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Georgia in Economist Report of Democracy Index

By Natalia Kochiashvili
Tuesday, February 15, 2022
Less than half of the world's population - 45.7% live in democratic systems, says the new data published by the British magazine Economist. The number of people living in democracies of various degrees was higher in 2020 - 49.4%. Of the 167 territories surveyed by analysts, only 21 were classified as full-fledged democracies, which is only 6.4% of the world's population. Meanwhile 53% of the population lives in conditions of ‘flawed democracies’.

The index is based on 60 indicators grouped into 5 categories: electoral process and pluralism, government functioning, political participation, political culture, and civil rights. Based on average points, each country is then classified as one of the 4 types of regimes. A country has to score more than 8 points to be a “full democracy” and earn greater than 6 or less than 8 points to be named as a “flawed democracy”. One with more than 4 but less than 6 points is designated a “hybrid regime” and one with less than 4 points is described as an ‘authoritarian regime.’

According to the 2021 data, Georgia ranks 91st in the world and 19th in the region with 5.12 points and is in the category of ‘hybrid regimes’. Electoral processes and pluralism are rated the highest at 7.42 points. Functioning of the government has lowest, 3.57 points, political culture - 3.75, civil liberties - 5.29 and political participation - 5.56. In 2020, Georgia was awarded 5.31 points. Country’s downward trend began after 2017, tapering off from 5.93 year after year. Overall, since the 2006 inception of the Index, the country’s highest score on the global ranking was 5.95 points in 2013, and the lowest ever – 4.59 points in 2010.

The report says that in two of the Eastern European hybrid democracies - Armenia and Bosnia and Herzegovina - improvements were observed, while the ratings of Georgia and Ukraine deteriorated. Ukraine has seen the most significant decline among the same category of Eastern European countries, and it is now ranked 86th with Mexico, while in 2020 it was ranked 97th. Scholars attribute this decline to the face of Russian aggression, and say that the risks and tensions of military aggression often lead to the limitation of some democratic processes, especially in terms of the centralization of power.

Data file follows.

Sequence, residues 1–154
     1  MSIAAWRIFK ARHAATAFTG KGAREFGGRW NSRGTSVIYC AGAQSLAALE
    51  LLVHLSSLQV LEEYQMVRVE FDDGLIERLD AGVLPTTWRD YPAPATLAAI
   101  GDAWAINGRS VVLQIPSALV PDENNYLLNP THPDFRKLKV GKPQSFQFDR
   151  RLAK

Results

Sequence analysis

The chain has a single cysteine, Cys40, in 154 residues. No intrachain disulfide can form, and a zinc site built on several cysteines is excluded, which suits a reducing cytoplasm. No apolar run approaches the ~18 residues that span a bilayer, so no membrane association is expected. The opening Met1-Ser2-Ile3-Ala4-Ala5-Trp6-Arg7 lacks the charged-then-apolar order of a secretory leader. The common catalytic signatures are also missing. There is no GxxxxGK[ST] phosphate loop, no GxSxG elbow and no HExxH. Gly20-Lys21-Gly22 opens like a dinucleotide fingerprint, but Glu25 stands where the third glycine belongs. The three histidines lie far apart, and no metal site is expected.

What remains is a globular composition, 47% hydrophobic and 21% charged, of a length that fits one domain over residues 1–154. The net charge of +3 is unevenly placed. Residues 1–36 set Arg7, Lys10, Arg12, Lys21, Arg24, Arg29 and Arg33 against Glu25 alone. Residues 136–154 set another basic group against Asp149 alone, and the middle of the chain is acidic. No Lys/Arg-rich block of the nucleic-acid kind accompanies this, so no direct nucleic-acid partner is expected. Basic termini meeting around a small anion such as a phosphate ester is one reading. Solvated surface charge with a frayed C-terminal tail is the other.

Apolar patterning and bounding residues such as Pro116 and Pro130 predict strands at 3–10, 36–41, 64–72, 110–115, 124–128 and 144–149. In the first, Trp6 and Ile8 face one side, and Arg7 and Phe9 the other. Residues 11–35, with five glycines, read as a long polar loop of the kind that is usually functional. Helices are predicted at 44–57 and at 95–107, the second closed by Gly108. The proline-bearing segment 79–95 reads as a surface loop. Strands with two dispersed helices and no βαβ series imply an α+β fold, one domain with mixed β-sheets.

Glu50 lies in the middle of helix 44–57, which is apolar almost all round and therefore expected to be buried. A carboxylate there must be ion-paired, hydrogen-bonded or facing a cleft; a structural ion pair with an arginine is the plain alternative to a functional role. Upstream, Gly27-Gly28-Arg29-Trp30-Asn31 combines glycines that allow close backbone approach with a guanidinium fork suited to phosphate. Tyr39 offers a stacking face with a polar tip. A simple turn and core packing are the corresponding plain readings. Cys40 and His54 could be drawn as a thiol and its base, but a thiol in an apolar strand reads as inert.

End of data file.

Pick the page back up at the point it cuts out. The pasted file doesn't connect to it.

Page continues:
Regarding Georgia in particular, the report states that several turbulent events have hampered democratic processes in the country. Tensions between the ruling Georgian Dream party and the opposition United National Movement culminated in the arrest of the ex-president. In the local elections, during which Saakashvili returned to the country and was arrested, international observers observed violations. The report clarifies that the ruling party has significant financial and functional advantages, which further impedes electoral competition and transparency. Aggravated political tensions, meanwhile, deepened social divisions last year.

In 2021, positions in Eastern Europe improved by 13 countries. Among them, the biggest improvements were made in Moldova and Montenegro. Moldova, one of the Associated Trio countries working towards joining the EU alongside Ukraine and Georgia, landed in 69th place in 2021, up from 80th the previous year, entering the list of ‘flawed democracies.’

Scores fell in 11 countries. There are still no full democracy countries in the region - of the 28 countries surveyed, 16 are flawed democracies, 4 are hybrid regimes (Georgia, Ukraine, Armenia, Bosnia and Herzegovina) and 8 are authoritarian regimes (Azerbaijan, Belarus, Russia and all Central Asian states).

At the top of the list of democracies globally are Norway, New Zealand and Finland, Sweden, Iceland. Leading among the worst democracies are: Afghanistan, Myanmar, North Korea, Laos, China. Britain ranks 18th, while the United States, which this year falls into the category of deficient democracies, is one step down from the previous year and ranks 26th. The situation among the regions of the world is most deteriorating in South America. In Asia, there are 3 countries in the category of full democracies - Japan, South Korea and Taiwan.

The authors of the report write that these results reflect the negative and long-term impact of the Covid-19 pandemic globally. According to them, some of the restrictions imposed on the public have been used by some governments to restrict civil rights for some citizens in a pandemic situation - excessive use of emergency forces and circumstances, overstepping of some aspects of public and private life and even other aspects.